There's a hilariously prescient sight gag in an old episode of "The Simpsons."
Homer is walking through the town dump when he passes a big pile of VCR tapes. The sign above reads, "Betamax." Next, another pile, this time with a sign reading, "Laserdiscs." Finally, he walks past an empty space; the sign says, "Reserved for DVDs."
That episode aired in 2003. Here in 2017, the handwriting is definitely on the wall -- if not the dump sign -- as Windows PCs can no longer play DVDs (or Blu-rays) without help., like Windows 8 and 8.1 before it, lacks the necessary software.
Of course, Microsoft will be happy to sell it to you: Theis available from the Windows Store for $14.99.
The open-source alternative
If that seems like too steep a price to keep your DVD collection alive and spinning, here's the good news: You can watch DVDs on your Windows 10 PC for free. Here's what you need:
- A DVD-ROM drive, either internal or external. (Looking to watch Blu-ray media? Skip to the bottom. Microsoft's player doesn't support Blu-rays.)
- VideoLAN's VLC desktop software, an open-source (read: free to use) media player that includes support for DVD media. Don't bother with the VLC app in the Windows Store, which is a separate version that does not support DVD playback.
During the VLC installation process, make sure "Discs Playback" is selected (it is by default). Once it's installed and running, pop in your DVD, then click Media > Open Disc..., or just press Ctrl+D.
In the window that appears next, click Play -- and then sit back and enjoy. I tested this with, appropriately enough, a DVD of "The Simpsons," and it worked like a charm. Your mileage may vary, of course; there are always potential glitches with DVD regions, video codecs and the like.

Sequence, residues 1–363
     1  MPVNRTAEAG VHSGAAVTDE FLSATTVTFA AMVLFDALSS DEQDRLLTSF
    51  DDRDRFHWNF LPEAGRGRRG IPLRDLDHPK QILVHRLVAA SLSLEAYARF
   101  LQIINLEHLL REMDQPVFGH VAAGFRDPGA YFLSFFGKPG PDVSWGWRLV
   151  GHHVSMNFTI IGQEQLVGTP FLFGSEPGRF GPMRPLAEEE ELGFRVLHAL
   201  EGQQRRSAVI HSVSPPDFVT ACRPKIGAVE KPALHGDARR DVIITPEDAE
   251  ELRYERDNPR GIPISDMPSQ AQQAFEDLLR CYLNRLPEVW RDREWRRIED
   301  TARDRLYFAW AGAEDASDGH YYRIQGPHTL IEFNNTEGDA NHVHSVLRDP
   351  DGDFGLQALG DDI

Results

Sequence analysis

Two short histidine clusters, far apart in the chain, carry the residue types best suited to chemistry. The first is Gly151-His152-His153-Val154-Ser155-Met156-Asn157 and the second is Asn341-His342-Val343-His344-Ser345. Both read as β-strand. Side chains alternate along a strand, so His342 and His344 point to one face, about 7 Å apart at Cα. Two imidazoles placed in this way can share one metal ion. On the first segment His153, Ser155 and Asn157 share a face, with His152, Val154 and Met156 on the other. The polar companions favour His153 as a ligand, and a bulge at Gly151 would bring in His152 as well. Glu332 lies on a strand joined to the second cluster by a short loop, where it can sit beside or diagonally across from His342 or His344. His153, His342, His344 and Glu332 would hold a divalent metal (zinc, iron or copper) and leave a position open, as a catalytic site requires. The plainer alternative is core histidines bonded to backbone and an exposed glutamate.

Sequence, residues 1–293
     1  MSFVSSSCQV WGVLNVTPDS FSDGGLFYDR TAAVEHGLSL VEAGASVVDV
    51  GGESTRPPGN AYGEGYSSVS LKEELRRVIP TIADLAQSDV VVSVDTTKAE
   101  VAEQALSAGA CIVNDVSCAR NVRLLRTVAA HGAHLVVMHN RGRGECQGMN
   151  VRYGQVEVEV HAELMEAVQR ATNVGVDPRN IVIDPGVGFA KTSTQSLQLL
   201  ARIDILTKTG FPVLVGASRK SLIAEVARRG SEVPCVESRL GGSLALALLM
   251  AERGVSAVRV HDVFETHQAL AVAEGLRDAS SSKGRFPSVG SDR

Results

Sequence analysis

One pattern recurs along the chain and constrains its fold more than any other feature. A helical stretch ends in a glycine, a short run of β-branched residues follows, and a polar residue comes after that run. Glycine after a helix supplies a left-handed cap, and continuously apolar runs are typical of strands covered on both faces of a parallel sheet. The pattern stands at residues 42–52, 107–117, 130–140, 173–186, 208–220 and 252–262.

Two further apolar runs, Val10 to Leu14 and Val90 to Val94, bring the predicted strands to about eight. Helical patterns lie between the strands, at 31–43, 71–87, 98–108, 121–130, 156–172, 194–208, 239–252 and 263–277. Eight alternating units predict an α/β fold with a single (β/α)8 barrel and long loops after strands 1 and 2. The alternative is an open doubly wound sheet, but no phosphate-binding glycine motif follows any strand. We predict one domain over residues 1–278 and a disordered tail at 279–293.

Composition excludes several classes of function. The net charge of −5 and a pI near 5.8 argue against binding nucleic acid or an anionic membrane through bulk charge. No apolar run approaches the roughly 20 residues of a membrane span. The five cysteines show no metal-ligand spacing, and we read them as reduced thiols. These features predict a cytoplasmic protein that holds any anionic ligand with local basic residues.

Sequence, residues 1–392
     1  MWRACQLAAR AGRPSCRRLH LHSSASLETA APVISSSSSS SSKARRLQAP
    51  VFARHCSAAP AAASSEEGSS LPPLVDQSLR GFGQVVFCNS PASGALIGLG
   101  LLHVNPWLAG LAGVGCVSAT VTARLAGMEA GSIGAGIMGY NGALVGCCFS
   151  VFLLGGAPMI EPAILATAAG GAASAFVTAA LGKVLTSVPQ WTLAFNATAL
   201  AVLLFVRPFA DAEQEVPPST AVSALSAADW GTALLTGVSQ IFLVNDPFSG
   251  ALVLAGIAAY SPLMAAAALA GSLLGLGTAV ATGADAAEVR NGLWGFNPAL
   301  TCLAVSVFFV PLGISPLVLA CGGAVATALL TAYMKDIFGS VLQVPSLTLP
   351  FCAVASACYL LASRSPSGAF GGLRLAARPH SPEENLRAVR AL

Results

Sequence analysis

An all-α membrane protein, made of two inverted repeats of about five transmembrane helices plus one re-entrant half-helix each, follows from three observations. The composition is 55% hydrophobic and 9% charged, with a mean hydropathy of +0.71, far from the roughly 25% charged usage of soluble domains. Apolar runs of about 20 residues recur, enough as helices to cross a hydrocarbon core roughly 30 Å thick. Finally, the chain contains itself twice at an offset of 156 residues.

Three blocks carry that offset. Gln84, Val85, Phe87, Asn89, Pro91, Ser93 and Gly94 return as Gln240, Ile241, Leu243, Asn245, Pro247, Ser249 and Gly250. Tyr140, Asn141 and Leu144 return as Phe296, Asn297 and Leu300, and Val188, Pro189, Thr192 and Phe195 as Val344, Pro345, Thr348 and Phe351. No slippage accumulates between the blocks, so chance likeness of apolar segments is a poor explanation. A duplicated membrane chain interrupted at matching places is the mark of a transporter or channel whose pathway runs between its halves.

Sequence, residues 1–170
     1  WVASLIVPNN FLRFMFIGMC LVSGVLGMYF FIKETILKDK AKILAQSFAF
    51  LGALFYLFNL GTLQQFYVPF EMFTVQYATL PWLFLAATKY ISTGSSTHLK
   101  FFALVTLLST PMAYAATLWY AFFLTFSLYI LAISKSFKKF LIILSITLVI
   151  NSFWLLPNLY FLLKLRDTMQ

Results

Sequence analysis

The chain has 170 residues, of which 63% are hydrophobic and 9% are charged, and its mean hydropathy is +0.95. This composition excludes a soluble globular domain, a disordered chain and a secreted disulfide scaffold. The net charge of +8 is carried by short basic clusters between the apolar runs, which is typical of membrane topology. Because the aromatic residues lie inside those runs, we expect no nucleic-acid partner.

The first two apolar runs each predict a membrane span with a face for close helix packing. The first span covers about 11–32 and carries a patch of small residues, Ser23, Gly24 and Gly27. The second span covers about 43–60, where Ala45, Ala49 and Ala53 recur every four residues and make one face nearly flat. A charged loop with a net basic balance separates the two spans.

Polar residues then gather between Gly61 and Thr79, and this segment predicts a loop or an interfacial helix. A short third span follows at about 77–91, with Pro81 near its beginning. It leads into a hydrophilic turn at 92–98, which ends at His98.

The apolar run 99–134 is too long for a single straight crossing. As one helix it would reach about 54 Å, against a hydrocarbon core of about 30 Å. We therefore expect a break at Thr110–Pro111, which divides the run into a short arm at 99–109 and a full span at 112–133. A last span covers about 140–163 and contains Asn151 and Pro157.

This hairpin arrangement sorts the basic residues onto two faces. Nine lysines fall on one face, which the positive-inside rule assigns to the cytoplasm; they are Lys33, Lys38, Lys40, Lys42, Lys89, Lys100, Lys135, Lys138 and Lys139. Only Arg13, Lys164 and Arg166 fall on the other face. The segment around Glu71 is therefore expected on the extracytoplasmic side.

But for most folks, this is the free and easy path to DVD nirvana in Windows 10. Thanks for the $15 app, Microsoft, but no thanks.
Blu-ray of sunshine
By the way, neither Microsoft's app nor VLC offers direct support for Blu-ray discs. There are some VLC add-ons that may work, but setup can be tricky, and not all of them are able to play DRM-protected discs (read: all of them).
You can also purchase any number of commercial players, such as Macgo's Windows Blu-ray Player, but expect to pay at least $30. (At this writing, Macgo's product was on sale for $29.95, though there's a free trial version.)
Fortunately, there's a free option that works quite well: Leawo Blu-ray Player. (It supports DVDs as well, meaning you can skip VLC.) It's a pretty basic player, and rest assured Leawo will try to sell you its other software products at every turn. But if you're looking for a free Blu-ray player that supports pretty much all versions of Windows, this is the one.
Of course, all this assumes you have a Blu-ray drive; remember that DVD drives won't play your Blu-ray discs. Need one? Stores such as Newegg carry external, USB Blu-ray drives starting at around $50.
Update, March 24, 2017: This article was originally published on August 6, 2015. It has been updated to add more information on playing Blu-rays.